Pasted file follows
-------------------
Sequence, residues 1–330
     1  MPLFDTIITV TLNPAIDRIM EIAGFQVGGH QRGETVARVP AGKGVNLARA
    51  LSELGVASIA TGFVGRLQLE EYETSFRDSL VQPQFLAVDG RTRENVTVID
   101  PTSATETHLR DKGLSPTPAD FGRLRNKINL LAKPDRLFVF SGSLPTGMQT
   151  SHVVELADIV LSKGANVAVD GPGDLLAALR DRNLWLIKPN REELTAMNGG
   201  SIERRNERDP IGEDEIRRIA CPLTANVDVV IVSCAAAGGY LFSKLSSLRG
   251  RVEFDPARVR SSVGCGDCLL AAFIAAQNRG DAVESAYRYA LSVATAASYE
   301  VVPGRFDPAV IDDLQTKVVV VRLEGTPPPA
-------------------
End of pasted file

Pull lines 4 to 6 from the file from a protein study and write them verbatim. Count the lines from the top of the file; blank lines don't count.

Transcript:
   101  PTSATETHLR DKGLSPTPAD FGRLRNKINL LAKPDRLFVF SGSLPTGMQT
   151  SHVVELADIV LSKGANVAVD GPGDLLAALR DRNLWLIKPN REELTAMNGG
   201  SIERRNERDP IGEDEIRRIA CPLTANVDVV IVSCAAAGGY LFSKLSSLRG